DIPIERRO: According to Natali, this foreign demand removes incentives for the KRG to invest more evenly. Rather than generate other sources of revenue, she says the KRG relies on sign-on bonuses the federal government in Baghdad earns from oil firms and other developers. While this money often funds legitimate development projects like education and infrastructure, Natali says a lack of budget transparency means that only a limited slice of the population—usually those with a personal connection to KRG officials—reaps the benefits of investment. Additionally, the KRG spends much of its revenue on
NATALI: Jobs. Seventy-six percent of the public sector, is the public sector salaries–of the budget. That’s huge.
DIPIERRO: So even though the KRG does not provide food subsidies or directly employ Stacy’s Assyrian host,
STACY: Our host does get funds—in this part of Kurdistan—funds from the government. From his Kurdish government.
DIPIERRO: But overall, Natali says these subsidies are meager in comparison to the dividends reaped by a few influential interests.
NATALI: There has been a concentration of wealth in certain families’ hands, in certain political parties’ hands, it is not being redistributed—this was going on before. …The oil rents have just allowed it to quadruple in strength.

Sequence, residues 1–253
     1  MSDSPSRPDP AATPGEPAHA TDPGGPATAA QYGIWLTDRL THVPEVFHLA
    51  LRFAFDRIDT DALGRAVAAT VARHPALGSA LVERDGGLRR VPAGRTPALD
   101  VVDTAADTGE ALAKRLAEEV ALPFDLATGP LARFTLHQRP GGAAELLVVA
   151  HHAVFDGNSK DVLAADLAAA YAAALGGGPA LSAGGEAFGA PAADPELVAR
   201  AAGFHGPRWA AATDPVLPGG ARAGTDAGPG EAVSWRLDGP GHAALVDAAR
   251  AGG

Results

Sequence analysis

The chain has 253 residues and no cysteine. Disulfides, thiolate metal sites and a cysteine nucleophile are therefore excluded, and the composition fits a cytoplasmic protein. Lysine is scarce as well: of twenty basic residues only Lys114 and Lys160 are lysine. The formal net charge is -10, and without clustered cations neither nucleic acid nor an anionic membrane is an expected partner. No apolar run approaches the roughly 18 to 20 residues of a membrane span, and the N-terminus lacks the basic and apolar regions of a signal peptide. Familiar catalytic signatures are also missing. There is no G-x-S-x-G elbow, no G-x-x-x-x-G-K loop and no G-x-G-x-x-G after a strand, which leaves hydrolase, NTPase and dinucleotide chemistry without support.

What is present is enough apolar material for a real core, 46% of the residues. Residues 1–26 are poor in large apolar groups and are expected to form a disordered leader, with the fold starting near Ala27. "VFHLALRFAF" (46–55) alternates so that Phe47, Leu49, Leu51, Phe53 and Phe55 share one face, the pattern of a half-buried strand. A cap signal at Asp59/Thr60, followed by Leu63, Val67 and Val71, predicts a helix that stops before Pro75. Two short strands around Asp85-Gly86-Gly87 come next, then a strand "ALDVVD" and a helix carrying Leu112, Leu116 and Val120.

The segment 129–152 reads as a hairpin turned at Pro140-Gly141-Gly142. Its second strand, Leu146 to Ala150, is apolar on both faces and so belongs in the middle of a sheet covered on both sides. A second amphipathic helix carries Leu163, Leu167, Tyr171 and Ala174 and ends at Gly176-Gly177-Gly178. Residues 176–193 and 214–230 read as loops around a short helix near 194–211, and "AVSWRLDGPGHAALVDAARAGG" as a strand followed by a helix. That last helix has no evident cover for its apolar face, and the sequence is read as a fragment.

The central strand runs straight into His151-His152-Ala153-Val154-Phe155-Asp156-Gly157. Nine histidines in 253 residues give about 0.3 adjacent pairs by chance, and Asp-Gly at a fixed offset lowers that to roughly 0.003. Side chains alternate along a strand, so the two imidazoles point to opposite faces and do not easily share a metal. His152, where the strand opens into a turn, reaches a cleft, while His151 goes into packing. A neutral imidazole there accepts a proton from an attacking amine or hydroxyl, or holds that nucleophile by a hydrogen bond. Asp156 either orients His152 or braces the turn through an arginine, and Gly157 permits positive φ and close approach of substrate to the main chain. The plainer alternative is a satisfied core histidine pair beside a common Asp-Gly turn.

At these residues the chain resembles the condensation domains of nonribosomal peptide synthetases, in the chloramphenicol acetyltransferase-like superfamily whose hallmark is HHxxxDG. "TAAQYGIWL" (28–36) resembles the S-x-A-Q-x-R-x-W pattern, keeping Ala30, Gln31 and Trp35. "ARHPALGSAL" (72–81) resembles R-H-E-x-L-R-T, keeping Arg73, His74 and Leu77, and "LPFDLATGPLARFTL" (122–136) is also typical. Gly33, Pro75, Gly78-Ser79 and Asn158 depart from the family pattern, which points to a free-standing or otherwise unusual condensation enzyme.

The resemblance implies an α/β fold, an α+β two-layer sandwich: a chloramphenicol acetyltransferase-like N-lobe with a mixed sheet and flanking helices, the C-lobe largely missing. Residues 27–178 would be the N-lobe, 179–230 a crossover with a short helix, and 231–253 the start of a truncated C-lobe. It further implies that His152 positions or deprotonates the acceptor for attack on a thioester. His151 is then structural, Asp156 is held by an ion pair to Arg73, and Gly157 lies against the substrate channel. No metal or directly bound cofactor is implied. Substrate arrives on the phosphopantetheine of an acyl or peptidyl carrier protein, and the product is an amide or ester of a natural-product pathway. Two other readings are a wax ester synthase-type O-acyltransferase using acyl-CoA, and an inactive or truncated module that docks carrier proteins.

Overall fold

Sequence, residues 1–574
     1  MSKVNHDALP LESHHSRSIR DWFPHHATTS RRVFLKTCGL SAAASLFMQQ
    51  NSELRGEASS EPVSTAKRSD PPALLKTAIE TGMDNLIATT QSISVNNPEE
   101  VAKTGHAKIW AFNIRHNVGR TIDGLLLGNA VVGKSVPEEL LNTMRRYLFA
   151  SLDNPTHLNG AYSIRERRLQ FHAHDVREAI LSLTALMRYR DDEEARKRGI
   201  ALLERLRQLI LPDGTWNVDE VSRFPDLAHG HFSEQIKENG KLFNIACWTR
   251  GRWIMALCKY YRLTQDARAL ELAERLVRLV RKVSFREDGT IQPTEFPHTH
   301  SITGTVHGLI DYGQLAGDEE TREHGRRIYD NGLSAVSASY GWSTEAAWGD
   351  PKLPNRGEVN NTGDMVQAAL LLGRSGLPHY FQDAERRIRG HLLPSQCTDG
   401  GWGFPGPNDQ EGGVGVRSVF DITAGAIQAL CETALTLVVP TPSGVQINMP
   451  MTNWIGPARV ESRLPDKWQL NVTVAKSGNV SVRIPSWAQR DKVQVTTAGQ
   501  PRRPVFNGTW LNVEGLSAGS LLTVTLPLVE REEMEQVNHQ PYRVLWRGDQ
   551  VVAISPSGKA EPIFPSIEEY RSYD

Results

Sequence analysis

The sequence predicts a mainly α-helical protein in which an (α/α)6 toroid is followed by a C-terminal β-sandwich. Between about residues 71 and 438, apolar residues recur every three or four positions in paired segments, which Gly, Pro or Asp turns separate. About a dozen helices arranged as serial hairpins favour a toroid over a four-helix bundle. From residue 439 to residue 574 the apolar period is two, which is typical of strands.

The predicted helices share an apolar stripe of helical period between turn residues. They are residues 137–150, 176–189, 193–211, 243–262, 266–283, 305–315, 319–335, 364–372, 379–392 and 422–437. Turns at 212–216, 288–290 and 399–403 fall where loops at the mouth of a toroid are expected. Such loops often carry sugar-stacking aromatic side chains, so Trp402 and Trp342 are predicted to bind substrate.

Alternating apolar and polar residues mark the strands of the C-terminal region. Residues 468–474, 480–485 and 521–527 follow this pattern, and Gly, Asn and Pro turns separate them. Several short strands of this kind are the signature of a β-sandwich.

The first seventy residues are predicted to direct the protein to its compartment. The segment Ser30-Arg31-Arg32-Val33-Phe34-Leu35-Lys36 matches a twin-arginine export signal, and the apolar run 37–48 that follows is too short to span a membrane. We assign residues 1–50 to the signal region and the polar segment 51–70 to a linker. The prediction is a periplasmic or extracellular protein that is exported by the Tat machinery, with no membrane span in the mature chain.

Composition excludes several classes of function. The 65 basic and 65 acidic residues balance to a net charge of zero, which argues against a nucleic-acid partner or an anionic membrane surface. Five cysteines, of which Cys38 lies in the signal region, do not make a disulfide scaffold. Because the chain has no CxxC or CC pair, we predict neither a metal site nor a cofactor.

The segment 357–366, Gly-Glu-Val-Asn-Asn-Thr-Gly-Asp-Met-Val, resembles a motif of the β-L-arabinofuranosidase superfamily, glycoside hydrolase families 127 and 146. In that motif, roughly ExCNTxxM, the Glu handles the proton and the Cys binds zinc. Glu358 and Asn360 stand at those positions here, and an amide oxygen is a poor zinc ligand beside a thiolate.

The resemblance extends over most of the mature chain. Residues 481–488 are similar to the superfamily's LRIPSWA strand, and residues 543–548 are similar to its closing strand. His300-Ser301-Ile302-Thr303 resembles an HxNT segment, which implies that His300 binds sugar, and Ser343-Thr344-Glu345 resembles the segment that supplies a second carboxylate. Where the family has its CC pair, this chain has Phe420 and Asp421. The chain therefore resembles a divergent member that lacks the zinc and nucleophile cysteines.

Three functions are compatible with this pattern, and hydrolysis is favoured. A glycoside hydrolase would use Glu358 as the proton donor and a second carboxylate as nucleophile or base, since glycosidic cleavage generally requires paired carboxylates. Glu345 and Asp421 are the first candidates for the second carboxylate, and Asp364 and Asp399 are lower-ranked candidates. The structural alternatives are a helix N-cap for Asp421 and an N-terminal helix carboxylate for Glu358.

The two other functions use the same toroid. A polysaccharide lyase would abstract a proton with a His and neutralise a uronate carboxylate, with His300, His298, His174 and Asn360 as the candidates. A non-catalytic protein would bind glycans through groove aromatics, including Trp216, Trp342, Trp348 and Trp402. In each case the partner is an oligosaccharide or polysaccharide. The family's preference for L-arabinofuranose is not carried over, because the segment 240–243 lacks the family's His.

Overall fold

DIPIERRO: New agricultural policies might narrow the divide between those who receive oil royalties and those who do not. In a 2011 pamphlet, “Kurdistan: Invest in Democracy,” KRG Minister of Agriculture and Water Resources Jamil Haider outlined a five-year plan for the farming sector. It mirrors the KRG strategy for developing oil: attract foreign firms, and let them bring modern techniques and machinery.
But Rachel Stacy feels ambivalent about foreign intervention in Kurdistan’s agriculture, noting that many species of plants native to Kurdistan are no longer farmed there.
STACY: Most of the seeds that people are planting are the cucumbers and the tomatoes and the onions that we see in mass quantities in our grocery stores.
DIPIERRO: At the same time, she’s a proponent of adding foreign expertise to local knowledge.
STACY: What would it mean to… offer the piece—bits and pieces—that we know around…permaculture or growing rates or water conservation?
DIPIERRO: But before the KRG looks for agricultural partners in the international community, it will need to resolve oil disputes with the federal government in Baghdad. Natali says the KRG has neither the financial independence, nor the physical infrastructure to transport the goods.
NATALI: You can scream that you want independence, but who’s paying your bills? The Kurds have—ninety-five percent of the Kurds’ revenue comes from Baghdad. […] Who controls the pipeline? Not the KRG. Baghdad does.
DIPIERRO: Further still, Natali suspects the need for oil will soften the KRG’s will to compromise on territorial disputes and federal funding for Kurdistan’s army, the Peshmerga.
NATALI: I’ve been saying this for years: they will cut a deal.
DIPIERRO: In the interest of preserving federal Iraq, a deal could mean the KRG ceding some disputed territory to federal control in exchange for greater authority over resources. Whether any hypothetical governance change would also bring an Assyrian farmer’s pears and quinces to market remains an open question.
For War News Radio at Lodge 6, I’m Amy DiPierro.